A few weeks ago, we had a customer come into our shop with some inconsistencies on their headlights. At first glance, there was minor discoloration around the edges of the lights coming from the breakdown in the old headlight coating… which didn’t look that bad to us. But upon closer inspection (especially with the lights turned ON), we could see something called crazing. Refer to the photo for a good visual.
Since, crazing isn’t seen nearly as often as a cloudy or discolored look we most often see on old headlights. We were able to set expectations for the customer. Informing him that restoration would most likely not take care of the issue. But, he wanted them done anyway, regardless if it helped or not. The lights ended up looking brand new with the lights off, but you could still see the crazing when the lights were on.
We wanted to bring this issue to your attention in case you’ve ever experienced this before, or in case you ever have someone approach you with the same issue. Many times, people get cloudy headlights confused with crazing or vice versa, or pair them together when [in our experience] they are different issues.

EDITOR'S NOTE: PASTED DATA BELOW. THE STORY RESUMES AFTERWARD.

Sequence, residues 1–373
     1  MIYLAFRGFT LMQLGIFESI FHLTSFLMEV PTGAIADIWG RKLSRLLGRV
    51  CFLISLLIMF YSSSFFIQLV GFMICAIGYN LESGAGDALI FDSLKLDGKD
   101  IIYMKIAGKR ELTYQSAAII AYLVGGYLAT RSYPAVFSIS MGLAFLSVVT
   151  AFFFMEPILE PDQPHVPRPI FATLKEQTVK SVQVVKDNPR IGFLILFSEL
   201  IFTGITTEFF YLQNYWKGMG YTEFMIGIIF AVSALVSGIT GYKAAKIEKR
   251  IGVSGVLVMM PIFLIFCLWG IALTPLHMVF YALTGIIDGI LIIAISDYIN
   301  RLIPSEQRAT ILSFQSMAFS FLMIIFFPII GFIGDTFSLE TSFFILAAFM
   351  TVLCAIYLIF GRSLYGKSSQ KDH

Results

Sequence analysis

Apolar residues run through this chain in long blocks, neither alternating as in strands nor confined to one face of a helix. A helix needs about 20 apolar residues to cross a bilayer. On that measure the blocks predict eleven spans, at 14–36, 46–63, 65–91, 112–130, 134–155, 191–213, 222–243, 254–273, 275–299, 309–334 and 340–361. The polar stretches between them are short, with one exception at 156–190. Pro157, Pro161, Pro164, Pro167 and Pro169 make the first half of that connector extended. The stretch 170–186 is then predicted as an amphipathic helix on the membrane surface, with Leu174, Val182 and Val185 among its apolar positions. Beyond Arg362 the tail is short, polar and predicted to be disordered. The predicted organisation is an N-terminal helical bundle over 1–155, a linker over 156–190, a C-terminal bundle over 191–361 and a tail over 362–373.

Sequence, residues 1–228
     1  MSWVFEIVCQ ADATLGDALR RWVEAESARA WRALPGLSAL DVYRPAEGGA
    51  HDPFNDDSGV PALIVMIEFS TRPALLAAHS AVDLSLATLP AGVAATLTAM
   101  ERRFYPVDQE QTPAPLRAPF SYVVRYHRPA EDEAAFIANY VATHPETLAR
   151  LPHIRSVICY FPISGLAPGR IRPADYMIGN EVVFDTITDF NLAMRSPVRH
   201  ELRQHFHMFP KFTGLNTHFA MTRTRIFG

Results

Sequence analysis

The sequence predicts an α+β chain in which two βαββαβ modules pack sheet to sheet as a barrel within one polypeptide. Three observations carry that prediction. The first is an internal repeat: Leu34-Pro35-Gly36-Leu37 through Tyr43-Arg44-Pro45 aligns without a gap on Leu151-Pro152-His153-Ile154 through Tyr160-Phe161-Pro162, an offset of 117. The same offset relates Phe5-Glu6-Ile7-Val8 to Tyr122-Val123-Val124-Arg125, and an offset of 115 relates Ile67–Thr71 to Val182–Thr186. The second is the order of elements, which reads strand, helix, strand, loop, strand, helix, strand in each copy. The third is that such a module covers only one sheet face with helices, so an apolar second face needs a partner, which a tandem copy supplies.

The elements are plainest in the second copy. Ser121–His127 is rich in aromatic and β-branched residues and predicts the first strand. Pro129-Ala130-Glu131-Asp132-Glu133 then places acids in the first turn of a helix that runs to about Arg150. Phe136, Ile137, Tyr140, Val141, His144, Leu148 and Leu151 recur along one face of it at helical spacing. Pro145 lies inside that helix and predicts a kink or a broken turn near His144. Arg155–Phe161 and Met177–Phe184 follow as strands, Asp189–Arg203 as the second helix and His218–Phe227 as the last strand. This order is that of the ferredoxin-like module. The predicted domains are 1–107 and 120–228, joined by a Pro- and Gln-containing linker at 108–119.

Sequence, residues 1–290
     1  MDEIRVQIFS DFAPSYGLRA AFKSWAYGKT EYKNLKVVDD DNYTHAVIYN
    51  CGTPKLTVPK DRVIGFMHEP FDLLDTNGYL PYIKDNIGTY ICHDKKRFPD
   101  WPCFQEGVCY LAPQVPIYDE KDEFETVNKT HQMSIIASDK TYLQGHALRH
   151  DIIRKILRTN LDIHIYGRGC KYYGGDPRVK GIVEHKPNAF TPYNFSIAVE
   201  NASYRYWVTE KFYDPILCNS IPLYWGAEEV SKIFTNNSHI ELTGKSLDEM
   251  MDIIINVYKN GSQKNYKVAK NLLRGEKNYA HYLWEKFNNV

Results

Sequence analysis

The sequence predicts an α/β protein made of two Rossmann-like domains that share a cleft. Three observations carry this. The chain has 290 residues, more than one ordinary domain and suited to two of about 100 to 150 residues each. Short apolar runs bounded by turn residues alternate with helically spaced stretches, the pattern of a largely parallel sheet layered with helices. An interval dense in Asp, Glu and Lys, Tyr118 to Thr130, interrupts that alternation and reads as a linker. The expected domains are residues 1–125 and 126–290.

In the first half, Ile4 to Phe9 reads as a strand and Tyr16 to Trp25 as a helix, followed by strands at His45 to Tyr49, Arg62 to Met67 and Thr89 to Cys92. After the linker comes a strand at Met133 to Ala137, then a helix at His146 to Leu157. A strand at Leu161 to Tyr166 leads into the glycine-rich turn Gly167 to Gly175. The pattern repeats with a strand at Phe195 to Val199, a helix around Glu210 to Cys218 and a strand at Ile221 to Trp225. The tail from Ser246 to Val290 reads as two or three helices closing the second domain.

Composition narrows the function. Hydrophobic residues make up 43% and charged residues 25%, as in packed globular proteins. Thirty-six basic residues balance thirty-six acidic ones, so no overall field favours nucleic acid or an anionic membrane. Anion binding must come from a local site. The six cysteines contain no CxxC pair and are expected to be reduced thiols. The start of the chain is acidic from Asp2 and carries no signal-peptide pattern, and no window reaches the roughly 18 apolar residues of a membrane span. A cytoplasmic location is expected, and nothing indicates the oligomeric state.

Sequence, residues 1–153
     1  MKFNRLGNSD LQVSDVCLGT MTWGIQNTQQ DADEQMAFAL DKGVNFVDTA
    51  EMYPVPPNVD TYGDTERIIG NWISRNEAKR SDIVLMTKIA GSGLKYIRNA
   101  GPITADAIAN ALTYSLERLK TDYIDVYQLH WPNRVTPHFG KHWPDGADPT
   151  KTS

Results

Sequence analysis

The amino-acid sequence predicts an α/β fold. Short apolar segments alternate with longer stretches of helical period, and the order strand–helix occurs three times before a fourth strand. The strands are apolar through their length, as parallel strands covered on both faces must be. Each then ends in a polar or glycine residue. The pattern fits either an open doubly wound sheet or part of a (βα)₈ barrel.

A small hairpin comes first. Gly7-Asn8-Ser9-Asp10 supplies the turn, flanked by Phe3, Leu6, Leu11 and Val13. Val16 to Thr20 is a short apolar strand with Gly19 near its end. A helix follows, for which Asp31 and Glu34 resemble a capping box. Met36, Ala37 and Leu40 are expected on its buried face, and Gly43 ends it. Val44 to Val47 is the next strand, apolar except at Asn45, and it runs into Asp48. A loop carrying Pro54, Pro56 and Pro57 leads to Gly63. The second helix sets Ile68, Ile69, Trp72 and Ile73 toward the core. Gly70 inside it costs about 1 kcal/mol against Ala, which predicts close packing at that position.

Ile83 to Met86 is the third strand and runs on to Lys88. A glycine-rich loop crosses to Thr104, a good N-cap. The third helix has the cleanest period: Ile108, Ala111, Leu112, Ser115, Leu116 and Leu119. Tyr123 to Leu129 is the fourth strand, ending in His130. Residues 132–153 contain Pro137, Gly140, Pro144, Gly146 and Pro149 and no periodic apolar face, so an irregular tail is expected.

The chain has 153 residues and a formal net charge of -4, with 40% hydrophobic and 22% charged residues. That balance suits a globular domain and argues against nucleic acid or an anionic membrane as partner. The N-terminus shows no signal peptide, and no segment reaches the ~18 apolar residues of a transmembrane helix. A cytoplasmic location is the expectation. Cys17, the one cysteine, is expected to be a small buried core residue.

Crazing produces a network of fine cracks on the surface of a material. But is different from a crack in that it cannot be felt on the surface. Also, it can continue to support a load, often found on pottery. Removing crazing is not possible. The inconsistency is actually within the polycarbonate of the headlight and has nothing to do with the oxidation of the protective coating on the lens that came from the manufacturer.
If you do get a customer with this happening on their lights, we suggest you set the customers’ expectations by letting them know that restoration most likely will not solve the issue, but that restoration can still take care of the deteriorating protective coating. The light will overall look much better, but most likely the crazing will still be visible, especially with the lights on.
If you have and further questions, please do not hesitate to ask our experts.
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